Coworkers and others in the community have long chided me for my insistence on correct spelling and use of terminology (i.e., specificity of language), in some instances saying, "yeah, well you know what I meant...". Okay, but a report or Jira ticket regarding an incident is not intended to be a placeholder for "what you meant", because 6 months or a year from now, you may not remember what you meant. Or, as is more often the case, someone other than you who's looking at the report will get the wrong information, because they're bringing a whole new set of understanding to "what you meant". As to spelling, let's say you absent-mindedly drop the last digit from the last octet of an IP address...rather than ".245", it's ".24". If you were to search for that IP address across other data sources, you'd still find it, even with the final digit missing. But what happens when you drop that IP address into a block list? Or, what happens if (and I ask because this has happened) the digit is mistakenly dropped from the second octet? All of it fails...searches, blocks, etc. At the very least misspelling words simply makes the report or ticket appear unprofessional, particularly given the number of tools out there with built-in spell check. However, misspelling can also lead to material impacts to the information itself, altering the course of the investigation. Misspelling a system name or IP address can be the difference between an AD server and a user's workstation. Misspelling an IP address or domain means that it's not actually blocked, and traffic continues to flow to and from that remote system, unabated. The issue is that when the report or ticket is the means of communication, intention and "you know what I meant" is impossible to convey.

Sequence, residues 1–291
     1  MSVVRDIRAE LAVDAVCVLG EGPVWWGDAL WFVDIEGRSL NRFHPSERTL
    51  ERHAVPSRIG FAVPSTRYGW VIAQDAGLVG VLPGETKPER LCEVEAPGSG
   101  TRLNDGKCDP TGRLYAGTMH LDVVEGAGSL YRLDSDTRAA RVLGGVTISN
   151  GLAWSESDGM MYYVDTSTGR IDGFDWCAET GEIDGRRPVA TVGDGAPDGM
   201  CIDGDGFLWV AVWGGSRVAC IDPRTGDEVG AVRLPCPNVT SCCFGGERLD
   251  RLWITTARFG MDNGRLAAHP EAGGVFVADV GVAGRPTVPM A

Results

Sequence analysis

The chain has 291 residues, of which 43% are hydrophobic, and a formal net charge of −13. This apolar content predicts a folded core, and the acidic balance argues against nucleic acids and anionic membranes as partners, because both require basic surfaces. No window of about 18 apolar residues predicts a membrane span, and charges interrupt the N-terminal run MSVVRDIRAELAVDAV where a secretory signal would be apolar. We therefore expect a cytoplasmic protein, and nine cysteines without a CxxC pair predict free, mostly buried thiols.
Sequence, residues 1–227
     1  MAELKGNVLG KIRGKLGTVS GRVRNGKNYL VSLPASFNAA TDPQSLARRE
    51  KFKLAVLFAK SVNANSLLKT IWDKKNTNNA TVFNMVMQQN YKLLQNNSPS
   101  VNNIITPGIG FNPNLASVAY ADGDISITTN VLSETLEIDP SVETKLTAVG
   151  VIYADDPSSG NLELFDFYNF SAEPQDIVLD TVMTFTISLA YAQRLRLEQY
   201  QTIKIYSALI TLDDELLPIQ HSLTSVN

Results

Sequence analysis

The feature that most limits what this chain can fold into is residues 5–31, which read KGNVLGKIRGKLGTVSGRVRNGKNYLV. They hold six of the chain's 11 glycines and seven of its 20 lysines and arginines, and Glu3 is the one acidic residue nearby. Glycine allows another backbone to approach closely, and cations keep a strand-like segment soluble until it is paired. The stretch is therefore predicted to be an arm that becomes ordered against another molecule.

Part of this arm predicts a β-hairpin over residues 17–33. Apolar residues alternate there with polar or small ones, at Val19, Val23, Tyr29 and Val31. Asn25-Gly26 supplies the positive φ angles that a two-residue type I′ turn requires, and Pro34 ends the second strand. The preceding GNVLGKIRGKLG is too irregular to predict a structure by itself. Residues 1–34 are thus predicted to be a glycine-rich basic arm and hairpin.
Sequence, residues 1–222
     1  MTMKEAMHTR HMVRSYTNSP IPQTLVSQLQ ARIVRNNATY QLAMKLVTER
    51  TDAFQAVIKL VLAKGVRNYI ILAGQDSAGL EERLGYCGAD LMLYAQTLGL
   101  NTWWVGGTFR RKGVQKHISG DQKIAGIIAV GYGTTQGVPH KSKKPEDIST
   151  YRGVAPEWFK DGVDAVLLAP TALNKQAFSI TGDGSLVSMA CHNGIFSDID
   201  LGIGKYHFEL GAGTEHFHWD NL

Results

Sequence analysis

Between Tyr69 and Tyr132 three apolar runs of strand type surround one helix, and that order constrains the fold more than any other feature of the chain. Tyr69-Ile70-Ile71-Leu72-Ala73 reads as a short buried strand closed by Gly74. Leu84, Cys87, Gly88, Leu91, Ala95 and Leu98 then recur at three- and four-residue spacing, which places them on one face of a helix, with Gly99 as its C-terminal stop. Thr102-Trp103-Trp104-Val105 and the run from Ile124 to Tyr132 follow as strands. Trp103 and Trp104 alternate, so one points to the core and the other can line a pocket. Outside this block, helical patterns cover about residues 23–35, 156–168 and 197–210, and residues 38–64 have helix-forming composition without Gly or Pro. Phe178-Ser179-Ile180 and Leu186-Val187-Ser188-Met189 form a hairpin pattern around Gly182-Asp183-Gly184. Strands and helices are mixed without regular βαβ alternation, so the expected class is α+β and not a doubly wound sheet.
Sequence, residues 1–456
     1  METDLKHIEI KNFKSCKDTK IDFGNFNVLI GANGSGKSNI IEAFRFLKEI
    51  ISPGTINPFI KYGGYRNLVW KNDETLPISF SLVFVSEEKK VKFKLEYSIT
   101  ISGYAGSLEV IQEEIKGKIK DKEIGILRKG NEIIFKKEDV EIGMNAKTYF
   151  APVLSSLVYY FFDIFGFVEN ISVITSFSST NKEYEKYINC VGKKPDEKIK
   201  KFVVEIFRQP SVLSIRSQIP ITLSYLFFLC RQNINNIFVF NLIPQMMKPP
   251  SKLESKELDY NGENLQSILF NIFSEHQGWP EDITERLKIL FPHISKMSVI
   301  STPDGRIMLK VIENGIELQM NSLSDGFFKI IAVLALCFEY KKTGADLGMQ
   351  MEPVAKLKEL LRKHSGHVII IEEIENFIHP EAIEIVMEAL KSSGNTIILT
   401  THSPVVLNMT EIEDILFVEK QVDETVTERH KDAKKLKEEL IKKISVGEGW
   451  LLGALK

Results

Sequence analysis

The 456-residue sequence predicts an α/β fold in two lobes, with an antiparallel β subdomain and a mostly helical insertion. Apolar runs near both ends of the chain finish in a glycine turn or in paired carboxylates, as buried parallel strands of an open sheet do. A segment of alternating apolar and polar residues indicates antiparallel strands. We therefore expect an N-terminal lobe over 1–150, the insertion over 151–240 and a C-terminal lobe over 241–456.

When I got started in the private sector information security business back around 1997-1998, I was working with a team that was performing vulnerability assessments. We had a developer on our team who'd developed an Access database of report excerpts based on various findings; we could go into the interface and select the necessary sections (based on our findings) and auto-populate the initial report. We had a couple of instances where someone either wrote up a really good finding, or re-wrote a finding that we already had a truly exceptional manner, and those entries were updated in the database so that someone could take advantage of them. Our team was small, and everyone was on-board with the understanding that generating the initial report was not the end of our reporting effort.